Harvesting, Curing, & Storing Potatoes

Harvesting potatoes is one of the great joys of growing your own food.  It’s like digging for treasure. Once all nuggets are out of the ground though, they must be properly cured to ensure their proper storage.  One bad potato can surely ruin the lot and stink like none other. The following are the steps for successful potato harvest and curing.


Choose a warm sunny day when the soil is fairly dry to dig potatoes.  Loose soil will make for easier work.

Once the vines have died back and turned brown, you can begin to harvest your potatoes. To check for readiness, rub the skin of one or two.  If the skin easily slips off, you would be better to wait a bit longer, if it holds on, you can harvest them. A thickened skin will allow for better storage.

Gently lift the potatoes from the soil.  You can use a potato fork by carefully prying up the perimeter (a foot or so away) of the planted area.  If you plant in a tower, barrel, or deep mulch then you can simply pull back the mulch or disassemble the tower. When removing the potatoes from the ground be careful not to bruise or damage them.  Ones that have been bruised will not store for long.  Sometimes it is hard not to want to throw them into the bucket, but remember– dropping them more than six inches can cause bruising. If you accidentally poke one with your tools then set it aside for eating.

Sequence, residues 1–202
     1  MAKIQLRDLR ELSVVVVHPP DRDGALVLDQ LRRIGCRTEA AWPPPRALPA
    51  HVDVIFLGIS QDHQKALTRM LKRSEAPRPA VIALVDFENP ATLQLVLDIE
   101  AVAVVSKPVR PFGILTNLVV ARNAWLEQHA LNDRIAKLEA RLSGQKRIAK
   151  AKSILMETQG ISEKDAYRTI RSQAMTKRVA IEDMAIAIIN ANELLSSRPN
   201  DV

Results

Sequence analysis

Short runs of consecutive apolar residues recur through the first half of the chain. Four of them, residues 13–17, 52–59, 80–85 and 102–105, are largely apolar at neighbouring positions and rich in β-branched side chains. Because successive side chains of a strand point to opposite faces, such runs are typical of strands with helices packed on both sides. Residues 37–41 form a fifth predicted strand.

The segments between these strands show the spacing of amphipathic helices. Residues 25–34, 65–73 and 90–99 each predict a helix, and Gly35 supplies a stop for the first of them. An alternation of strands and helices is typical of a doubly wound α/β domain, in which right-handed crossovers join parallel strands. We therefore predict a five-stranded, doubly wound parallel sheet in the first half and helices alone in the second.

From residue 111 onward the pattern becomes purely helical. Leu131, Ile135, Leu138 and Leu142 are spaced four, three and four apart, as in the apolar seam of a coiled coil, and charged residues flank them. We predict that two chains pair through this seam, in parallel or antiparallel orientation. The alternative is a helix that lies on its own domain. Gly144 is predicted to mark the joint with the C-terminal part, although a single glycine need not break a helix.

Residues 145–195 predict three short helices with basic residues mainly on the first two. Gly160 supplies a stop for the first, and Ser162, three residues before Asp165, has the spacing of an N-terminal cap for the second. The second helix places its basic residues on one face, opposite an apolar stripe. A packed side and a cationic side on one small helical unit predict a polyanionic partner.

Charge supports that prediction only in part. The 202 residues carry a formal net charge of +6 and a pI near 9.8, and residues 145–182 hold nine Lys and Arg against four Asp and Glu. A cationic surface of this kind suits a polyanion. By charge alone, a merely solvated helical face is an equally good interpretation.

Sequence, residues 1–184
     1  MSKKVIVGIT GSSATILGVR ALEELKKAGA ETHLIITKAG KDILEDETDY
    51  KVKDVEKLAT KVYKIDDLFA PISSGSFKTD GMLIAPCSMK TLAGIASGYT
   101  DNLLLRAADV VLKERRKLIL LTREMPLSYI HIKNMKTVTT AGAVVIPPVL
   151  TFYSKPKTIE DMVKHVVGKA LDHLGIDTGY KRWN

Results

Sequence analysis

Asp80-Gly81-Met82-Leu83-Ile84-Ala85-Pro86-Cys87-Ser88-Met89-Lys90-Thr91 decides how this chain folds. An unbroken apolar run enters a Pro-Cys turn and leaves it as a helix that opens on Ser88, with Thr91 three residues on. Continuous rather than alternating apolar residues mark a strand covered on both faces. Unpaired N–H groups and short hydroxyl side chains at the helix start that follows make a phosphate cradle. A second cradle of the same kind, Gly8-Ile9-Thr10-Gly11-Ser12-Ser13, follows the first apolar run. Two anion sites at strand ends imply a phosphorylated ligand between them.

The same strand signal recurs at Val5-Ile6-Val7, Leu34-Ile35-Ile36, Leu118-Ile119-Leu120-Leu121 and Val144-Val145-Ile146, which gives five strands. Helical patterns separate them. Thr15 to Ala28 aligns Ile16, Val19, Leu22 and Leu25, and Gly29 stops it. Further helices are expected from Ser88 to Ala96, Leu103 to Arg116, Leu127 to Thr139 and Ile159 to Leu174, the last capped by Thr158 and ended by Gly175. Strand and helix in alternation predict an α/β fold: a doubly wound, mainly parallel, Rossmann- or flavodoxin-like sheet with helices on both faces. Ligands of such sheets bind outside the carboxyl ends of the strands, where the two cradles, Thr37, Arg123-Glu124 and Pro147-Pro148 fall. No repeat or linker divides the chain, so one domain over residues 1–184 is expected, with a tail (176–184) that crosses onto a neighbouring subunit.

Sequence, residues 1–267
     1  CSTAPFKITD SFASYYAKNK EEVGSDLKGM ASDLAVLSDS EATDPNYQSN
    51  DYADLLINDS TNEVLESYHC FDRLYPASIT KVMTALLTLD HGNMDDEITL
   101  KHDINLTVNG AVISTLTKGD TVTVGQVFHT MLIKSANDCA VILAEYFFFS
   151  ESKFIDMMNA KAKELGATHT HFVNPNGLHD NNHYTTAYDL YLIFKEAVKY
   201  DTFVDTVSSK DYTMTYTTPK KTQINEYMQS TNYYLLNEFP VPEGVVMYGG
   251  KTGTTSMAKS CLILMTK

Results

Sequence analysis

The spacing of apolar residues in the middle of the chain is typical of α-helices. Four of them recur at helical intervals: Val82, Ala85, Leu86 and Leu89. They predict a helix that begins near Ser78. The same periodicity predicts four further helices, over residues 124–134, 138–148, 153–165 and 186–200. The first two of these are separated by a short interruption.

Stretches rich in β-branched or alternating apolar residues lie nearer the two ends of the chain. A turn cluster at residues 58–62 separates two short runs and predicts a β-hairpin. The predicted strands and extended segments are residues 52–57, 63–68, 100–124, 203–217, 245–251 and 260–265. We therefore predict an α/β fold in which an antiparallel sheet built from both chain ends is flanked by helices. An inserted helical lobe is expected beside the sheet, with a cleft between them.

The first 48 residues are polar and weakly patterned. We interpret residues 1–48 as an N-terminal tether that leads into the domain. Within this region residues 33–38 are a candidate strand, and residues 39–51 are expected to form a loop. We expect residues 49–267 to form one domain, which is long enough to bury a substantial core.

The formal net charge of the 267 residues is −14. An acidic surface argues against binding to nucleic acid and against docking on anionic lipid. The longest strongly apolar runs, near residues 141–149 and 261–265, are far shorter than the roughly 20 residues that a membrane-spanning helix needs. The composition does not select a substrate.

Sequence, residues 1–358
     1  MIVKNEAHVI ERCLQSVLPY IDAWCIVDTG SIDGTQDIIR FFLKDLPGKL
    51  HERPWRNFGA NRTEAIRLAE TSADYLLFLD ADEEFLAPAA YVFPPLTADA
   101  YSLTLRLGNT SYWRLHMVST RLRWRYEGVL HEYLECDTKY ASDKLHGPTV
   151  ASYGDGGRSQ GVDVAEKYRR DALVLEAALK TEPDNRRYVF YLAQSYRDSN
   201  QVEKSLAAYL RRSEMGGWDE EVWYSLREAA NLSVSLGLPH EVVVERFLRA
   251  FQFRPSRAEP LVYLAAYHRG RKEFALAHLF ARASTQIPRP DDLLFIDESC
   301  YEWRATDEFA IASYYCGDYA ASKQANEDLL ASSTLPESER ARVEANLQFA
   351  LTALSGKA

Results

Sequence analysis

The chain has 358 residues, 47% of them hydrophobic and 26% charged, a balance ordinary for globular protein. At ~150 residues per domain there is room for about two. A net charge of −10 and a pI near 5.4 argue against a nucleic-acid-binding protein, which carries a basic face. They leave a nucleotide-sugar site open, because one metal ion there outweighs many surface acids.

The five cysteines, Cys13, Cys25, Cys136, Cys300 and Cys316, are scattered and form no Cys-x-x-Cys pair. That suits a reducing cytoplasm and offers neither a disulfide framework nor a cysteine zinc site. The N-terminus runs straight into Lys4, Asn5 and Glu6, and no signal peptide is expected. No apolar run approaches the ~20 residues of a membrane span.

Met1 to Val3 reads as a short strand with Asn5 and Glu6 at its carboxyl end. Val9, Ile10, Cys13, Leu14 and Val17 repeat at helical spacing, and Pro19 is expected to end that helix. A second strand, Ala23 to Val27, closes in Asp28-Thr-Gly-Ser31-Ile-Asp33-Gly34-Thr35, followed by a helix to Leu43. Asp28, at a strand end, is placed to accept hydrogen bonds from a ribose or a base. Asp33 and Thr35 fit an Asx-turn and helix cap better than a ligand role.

After harvesting, it’s time to cure them. Curing thickens the skins further for longer storage. Never wash your potatoes at any stage except right before eating them.


Spread potatoes out to dry in a dark, dry spot that is between 65-75 degrees Fahrenheit. This can be a shed, garage, or basement. It is best that the potatoes don’t touch. After two weeks they are cured and ready for storage.

Check your lot for any that are bruised or damaged.  If you can salvage these to eat, do so, as you don’t want to store them.


Mid to late season potatoes can be stored for up to six months if conditions are right. Ideal conditions include temperatures from 35-40 degrees Fahrenheit with 85-90% humidity.  A root cellar of some sort, is ideal.

If possible, don’t store onions and potatoes together. Also avoid storing potatoes with apples or pears.  The ethylene gas produced by these fruits will cause the potatoes to sprout. If you can’t avoid storing them together, at least provide good ventilation.

Potatoes should be stored in shallow bins, crates or burlap sacks.  Whatever storage container you use, make sure it is not too deep (no more than 18 inches), and has some air circulation.

Once winter arrives, check over the potatoes often and remove any rotten ones.

To find potatoes that are locally grown, plus lots of other good stuff, check out Pick-A-Pepper.com!

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